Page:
Electronic Visualization Laboratory

From Wikipedia, the free encyclopedia
Jump to navigation Jump to search

The Electronic Visualization Laboratory (EVL) is a cross-disciplinary research lab at the University of Illinois at Chicago. It brings together faculty and students from the Art and Computer Science departments of UIC; the primary areas of research are in computer graphics, high-performance computer networking, and technological art.


EVL represents one of the oldest art and engineering collaborations in the United States, it was founded in 1973 by Tom DeFanti (then of the UIC Chemistry Department, later Computer Science) and Dan Sandin (of the Art Department). The lab was originally known as the Circle Graphics Habitat, in reference to the then-name of UIC, the University of Illinois at Chicago Circle. DeFanti and Sandin have served as Co-Directors of the lab since its founding. Later in 1987, they were joined by Maxine D. Brown as Associate Director.


Tom DeFanti demoing early EVL work

Work at EVL over the years has included:

  • 1977: The Sayre Glove, the first dataglove.[1]
  • 1981: The Z Box hardware and ZGRASS software (based on DeFanti's prior GRASS programming language), an early graphics system for the Bally home computer. This system featured NTSC video output and was used by a number of computer graphics artists of the time.
  • 1988: Computer generated PHSColograms, an autostereoscopic 3D technique, with (art)n.
  • 1992: The CAVE Automatic Virtual Environment, a projection-based virtual reality system.[2]
  • 1995: The I-WAY event at Supercomputing '95, a prototype of grid computing.[3]
  • 1997: The STAR TAP project, a linking up of several international high-performance networks. Followed by the StarLight optical networking facility.
  • 2013: SpiderSense, a pioneer project in the field of human augmentics. SpiderSense is a wearable device that integrates ultrasound technology with vibrating hardware, allowing users to have directional awareness and "sense" obstacles in the environment without physically seeing the obstacles. [4]


Highlights of the electronic art work done at EVL include:

  • Electronic Visualization Events (EVE) in the mid 1970s - live, real-time performances featuring computer graphics, video processing, and music.
  • Early computer graphics art videos, created by combining DeFanti's GRASS system on a PDP-11 and the Sandin Image Processor. The video Spiral PTL (1980) was included in the inaugural collection of video art at the Museum of Modern Art.
  • Computer artist Larry Cuba spent time at EVL, using the tools there for his films 3/78 and Calculated Movements, as well as a short special effects sequence for Star Wars.
  • In 1996, EVL installed the first publicly accessible CAVE at the Ars Electronica Center in Austria, and presented a number of virtual reality artworks.


The members of EVL have been involved with the SIGGRAPH organization and conference ever since its inception. DeFanti has served as Secretary (1977-1981) and Chair (1981-1985) of the organization, and 1979 conference chair. Brown has served as Vice Chair for Operations (1985-1987) and Secretary (1981-1985), and chaired the 1992 conference. According to Jim Blinn, the popular Electronic Theatre "started out as a bunch of people crowding into Dan Sandin’s dorm room to watch videotapes." [5] In 1979, DeFanti established the SIGGRAPH Video Review, which EVL has continued to supervise. At SIGGRAPH '92, EVL organized the "Showcase" event, where researchers demonstrated 35 projects in state-of-the-art computational science and scientific visualization. At SIGGRAPH '94, EVL organized the VROOM event, demonstrations of the state of virtual reality technology.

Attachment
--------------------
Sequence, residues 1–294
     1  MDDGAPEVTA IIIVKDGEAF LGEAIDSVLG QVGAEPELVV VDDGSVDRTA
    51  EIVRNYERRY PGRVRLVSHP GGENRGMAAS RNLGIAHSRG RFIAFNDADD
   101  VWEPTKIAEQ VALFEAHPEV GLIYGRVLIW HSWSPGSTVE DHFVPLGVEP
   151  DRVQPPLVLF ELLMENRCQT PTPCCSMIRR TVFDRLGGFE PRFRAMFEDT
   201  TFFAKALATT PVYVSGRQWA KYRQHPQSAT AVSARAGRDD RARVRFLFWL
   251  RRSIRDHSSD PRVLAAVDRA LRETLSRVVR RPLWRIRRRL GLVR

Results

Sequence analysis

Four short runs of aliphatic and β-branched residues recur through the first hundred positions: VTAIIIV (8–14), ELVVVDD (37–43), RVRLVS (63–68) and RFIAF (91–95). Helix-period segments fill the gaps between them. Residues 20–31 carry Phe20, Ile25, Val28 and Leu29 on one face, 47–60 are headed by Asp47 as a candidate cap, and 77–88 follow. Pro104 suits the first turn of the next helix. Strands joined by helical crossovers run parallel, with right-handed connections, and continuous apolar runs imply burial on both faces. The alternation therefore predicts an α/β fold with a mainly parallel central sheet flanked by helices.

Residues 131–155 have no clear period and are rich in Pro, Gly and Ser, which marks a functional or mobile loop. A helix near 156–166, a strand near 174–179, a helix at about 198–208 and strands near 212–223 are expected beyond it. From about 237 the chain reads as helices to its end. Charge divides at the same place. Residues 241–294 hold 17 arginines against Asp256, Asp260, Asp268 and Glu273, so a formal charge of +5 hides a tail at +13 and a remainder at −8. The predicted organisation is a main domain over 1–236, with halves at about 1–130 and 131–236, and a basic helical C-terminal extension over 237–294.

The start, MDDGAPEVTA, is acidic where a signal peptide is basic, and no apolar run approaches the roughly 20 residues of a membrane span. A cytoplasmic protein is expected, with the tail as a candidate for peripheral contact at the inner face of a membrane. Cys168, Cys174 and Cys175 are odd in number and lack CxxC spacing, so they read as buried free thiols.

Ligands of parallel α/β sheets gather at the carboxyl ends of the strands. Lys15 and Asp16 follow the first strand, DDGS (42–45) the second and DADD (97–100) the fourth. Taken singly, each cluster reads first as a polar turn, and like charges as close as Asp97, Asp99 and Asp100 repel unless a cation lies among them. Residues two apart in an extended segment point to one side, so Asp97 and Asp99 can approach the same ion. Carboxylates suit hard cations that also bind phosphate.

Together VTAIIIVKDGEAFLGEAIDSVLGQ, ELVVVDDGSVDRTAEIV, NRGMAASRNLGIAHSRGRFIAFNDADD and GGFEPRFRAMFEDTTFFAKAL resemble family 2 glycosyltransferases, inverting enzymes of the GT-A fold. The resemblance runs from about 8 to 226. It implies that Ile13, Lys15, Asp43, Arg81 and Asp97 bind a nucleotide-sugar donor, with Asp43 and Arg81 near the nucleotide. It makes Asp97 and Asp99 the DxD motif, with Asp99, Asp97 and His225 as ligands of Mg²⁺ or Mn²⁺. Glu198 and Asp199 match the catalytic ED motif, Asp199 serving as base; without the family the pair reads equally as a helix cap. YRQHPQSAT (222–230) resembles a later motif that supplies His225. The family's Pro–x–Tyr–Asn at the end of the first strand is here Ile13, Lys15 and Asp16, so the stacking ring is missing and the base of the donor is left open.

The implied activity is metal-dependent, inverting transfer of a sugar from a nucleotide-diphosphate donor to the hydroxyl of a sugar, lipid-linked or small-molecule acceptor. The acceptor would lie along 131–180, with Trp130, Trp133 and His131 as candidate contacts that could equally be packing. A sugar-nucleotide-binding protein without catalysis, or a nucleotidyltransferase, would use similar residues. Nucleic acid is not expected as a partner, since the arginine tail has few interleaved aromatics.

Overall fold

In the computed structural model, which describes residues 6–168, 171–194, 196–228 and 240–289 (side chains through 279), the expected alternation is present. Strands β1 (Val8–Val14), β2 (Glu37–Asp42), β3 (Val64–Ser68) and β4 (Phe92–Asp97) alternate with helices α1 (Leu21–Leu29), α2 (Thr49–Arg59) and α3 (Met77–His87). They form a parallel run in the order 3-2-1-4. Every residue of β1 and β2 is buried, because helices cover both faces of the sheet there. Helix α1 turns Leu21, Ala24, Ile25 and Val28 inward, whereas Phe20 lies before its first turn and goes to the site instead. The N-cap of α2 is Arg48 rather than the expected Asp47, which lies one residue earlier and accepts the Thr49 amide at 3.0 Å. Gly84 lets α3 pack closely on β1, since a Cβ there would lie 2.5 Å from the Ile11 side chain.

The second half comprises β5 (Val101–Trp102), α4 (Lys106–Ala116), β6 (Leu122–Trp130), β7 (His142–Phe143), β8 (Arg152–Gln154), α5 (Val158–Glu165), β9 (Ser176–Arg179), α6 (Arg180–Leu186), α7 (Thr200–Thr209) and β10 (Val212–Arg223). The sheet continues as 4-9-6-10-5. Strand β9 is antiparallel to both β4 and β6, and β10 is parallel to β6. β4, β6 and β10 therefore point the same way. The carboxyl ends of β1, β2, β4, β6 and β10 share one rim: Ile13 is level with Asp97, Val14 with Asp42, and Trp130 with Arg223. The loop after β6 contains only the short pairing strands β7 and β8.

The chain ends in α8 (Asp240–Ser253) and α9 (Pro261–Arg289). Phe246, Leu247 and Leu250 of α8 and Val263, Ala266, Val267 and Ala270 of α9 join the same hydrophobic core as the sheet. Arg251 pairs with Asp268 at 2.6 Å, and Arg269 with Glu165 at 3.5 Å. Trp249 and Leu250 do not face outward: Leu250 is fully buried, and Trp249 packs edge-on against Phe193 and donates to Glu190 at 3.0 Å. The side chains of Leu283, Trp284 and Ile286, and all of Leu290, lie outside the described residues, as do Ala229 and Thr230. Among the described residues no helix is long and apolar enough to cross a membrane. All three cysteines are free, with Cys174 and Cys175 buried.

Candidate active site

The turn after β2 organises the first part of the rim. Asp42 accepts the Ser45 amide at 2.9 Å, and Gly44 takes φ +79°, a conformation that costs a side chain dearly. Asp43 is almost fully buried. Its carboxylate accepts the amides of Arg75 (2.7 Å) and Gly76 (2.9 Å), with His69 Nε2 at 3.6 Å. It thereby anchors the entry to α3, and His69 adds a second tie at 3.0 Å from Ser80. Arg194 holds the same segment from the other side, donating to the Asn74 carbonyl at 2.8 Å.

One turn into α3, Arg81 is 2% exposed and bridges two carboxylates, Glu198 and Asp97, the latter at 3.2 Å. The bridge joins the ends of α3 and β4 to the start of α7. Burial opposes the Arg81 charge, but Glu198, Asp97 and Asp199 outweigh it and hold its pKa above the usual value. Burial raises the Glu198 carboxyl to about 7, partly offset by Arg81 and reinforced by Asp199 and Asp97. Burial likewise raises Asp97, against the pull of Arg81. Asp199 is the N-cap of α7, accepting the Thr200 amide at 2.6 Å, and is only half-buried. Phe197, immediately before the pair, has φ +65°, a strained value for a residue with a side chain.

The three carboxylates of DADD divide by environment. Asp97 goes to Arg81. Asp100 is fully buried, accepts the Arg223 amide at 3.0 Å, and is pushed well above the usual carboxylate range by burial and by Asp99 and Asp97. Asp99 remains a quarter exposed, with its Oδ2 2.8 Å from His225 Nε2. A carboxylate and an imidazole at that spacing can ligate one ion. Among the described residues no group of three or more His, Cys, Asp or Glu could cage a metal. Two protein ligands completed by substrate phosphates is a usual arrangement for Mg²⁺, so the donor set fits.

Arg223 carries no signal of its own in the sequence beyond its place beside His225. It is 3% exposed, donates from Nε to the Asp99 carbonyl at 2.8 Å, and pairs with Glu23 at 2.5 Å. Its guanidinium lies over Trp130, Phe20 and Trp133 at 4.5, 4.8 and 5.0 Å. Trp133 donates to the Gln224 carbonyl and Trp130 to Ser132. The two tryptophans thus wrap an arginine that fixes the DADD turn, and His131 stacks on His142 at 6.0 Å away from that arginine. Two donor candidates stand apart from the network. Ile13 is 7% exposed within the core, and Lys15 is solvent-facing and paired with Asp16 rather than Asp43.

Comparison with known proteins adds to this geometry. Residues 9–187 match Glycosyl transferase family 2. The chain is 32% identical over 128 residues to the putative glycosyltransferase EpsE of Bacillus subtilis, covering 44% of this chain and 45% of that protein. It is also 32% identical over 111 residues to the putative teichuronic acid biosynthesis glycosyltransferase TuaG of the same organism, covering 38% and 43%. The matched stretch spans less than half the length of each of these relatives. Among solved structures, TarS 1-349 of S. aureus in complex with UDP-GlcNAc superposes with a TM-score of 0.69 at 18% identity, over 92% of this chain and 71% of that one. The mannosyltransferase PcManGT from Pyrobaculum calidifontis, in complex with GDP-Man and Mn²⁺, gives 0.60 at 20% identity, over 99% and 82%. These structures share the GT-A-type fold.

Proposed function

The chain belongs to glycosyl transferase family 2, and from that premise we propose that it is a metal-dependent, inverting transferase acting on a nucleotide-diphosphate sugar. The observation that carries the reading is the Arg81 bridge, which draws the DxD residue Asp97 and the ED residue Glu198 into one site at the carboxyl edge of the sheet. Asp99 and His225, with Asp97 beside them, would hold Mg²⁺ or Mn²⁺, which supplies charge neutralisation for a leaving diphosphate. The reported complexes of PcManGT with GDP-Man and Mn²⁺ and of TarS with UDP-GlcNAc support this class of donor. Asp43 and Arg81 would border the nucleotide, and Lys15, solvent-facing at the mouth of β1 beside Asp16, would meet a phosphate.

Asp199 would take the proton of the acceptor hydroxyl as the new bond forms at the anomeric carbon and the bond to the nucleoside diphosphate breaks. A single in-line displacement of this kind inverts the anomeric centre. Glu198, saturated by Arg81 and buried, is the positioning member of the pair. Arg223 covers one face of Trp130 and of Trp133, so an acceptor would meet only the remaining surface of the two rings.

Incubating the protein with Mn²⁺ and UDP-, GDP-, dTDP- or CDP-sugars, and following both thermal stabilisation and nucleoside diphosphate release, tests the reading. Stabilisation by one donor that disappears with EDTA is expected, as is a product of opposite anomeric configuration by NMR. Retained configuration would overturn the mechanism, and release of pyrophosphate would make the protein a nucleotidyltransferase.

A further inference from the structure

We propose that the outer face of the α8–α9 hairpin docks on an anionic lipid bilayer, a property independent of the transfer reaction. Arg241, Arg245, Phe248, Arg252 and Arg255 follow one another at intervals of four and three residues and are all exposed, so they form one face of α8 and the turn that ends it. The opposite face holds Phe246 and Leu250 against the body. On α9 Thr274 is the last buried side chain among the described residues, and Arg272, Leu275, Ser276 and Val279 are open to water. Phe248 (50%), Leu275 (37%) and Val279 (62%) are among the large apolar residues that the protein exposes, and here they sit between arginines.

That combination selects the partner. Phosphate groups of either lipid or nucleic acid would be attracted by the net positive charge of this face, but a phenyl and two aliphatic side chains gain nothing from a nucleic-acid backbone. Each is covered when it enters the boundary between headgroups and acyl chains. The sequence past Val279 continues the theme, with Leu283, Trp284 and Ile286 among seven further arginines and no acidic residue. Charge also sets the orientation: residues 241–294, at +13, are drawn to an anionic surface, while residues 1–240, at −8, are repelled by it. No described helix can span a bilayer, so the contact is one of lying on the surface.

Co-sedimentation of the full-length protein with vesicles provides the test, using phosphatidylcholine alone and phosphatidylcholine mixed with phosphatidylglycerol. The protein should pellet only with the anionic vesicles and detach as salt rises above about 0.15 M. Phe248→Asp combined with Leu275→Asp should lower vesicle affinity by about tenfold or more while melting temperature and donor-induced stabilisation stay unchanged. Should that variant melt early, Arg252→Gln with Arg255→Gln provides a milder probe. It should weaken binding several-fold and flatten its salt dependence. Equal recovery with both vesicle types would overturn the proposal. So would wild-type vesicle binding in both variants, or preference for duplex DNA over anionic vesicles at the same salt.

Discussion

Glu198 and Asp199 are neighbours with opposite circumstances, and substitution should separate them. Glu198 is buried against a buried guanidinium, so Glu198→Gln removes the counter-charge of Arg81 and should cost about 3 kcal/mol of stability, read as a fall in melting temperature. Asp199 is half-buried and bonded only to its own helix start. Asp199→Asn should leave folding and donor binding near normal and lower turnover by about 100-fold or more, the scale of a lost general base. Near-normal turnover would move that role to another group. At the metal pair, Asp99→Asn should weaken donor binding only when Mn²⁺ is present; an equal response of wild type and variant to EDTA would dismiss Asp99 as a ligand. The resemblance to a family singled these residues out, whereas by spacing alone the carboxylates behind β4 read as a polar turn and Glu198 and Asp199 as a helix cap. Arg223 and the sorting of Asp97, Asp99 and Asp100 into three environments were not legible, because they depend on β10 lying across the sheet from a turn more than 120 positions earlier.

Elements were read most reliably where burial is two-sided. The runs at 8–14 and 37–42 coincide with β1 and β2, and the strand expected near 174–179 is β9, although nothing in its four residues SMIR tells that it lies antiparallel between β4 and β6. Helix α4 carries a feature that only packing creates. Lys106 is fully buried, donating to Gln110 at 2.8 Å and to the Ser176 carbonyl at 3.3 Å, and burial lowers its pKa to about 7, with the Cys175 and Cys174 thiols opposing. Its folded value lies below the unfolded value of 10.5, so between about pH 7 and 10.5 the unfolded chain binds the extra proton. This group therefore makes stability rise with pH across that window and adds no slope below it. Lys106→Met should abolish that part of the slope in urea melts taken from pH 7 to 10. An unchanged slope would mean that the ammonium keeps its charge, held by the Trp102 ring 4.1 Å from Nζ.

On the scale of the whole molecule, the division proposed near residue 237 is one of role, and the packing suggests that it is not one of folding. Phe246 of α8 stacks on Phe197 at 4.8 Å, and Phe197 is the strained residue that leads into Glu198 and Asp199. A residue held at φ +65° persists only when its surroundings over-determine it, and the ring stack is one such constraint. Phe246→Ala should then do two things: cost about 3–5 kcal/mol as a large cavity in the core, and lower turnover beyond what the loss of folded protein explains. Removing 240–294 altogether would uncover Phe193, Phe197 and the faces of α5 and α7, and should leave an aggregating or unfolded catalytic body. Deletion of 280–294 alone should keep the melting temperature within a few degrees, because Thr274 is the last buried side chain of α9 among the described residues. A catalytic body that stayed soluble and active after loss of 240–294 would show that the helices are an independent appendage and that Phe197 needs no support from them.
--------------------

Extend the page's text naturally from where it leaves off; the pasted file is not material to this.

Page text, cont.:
In 1998, Brown received the first ever SIGGRAPH Outstanding Service Award for her contributions to the organization. In 2000, DeFanti and EVL alumna Copper Giloth also received the Outstanding Service Award.


  1. ^ Sturman, D.J.; Zeltzer, D. (January 1994). "A survey of glove-based input". IEEE Computer Graphics and Applications. 14 (1): 30–39. doi:10.1109/38.250916.
  2. ^ Cruz-Neira, C.; Sandin, D.; DeFanti, T.; Kenyon, R.; Hart, J. "The CAVE: Audio Visual Experience Automatic Virtual Environment". Communications of the ACM. 35 (6): 65–72. doi:10.1145/129888.129892.
  3. ^ DeFanti, T., Foster I., Papka, M., Stevens, R., Kuhfuss, T. "Overview of the I-WAY: Wide Area Visual Supercomputing". International Journal of Supercomputing Applications. 10 (2): 123–130. doi:10.1177/109434209601000201.CS1 maint: multiple names: authors list (link)
  4. ^ Mateevitsi, V., Haggadone, B., Leigh, J., Kunzer, B., Kenyon, R. "Sensing the environment through SpiderSense". Proceedings of the 4th Augmented Human International Conference: 51–57. doi:10.1145/2459236.2459246.CS1 maint: multiple names: authors list (link)
  5. ^ Blinn, J. (1995). "How to Attend a Siggraph Conference". IEEE Computer Graphics and Applications. 15 (4): 86–88. doi:10.1109/38.391503.

External links[edit]